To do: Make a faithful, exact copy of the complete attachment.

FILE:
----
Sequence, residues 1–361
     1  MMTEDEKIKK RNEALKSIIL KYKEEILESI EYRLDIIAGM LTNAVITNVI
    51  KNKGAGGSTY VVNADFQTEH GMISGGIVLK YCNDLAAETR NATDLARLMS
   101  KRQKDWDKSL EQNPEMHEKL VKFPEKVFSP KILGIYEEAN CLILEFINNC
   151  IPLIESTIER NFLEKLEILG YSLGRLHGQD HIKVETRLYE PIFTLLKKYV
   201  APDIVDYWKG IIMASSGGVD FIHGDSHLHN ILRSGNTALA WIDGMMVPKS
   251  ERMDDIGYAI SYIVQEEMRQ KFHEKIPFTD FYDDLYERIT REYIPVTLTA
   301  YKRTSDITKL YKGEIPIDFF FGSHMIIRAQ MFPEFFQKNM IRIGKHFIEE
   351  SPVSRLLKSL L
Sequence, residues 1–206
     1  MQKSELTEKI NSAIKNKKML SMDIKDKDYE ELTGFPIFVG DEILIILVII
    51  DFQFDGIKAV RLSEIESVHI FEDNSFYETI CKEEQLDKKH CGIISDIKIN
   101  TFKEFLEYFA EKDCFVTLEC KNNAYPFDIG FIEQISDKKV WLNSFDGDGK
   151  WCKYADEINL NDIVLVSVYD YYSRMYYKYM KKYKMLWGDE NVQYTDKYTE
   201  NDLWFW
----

Sequence, residues 1–361
     1  MMTEDEKIKK RNEALKSIIL KYKEEILESI EYRLDIIAGM LTNAVITNVI
    51  KNKGAGGSTY VVNADFQTEH GMISGGIVLK YCNDLAAETR NATDLARLMS
   101  KRQKDWDKSL EQNPEMHEKL VKFPEKVFSP KILGIYEEAN CLILEFINNC
   151  IPLIESTIER NFLEKLEILG YSLGRLHGQD HIKVETRLYE PIFTLLKKYV
   201  APDIVDYWKG IIMASSGGVD FIHGDSHLHN ILRSGNTALA WIDGMMVPKS
   251  ERMDDIGYAI SYIVQEEMRQ KFHEKIPFTD FYDDLYERIT REYIPVTLTA
   301  YKRTSDITKL YKGEIPIDFF FGSHMIIRAQ MFPEFFQKNM IRIGKHFIEE
   351  SPVSRLLKSL L
Sequence, residues 1–206
     1  MQKSELTEKI NSAIKNKKML SMDIKDKDYE ELTGFPIFVG DEILIILVII
    51  DFQFDGIKAV RLSEIESVHI FEDNSFYETI CKEEQLDKKH CGIISDIKIN
   101  TFKEFLEYFA EKDCFVTLEC KNNAYPFDIG FIEQISDKKV WLNSFDGDGK
   151  WCKYADEINL NDIVLVSVYD YYSRMYYKYM KKYKMLWGDE NVQYTDKYTE
   201  NDLWFW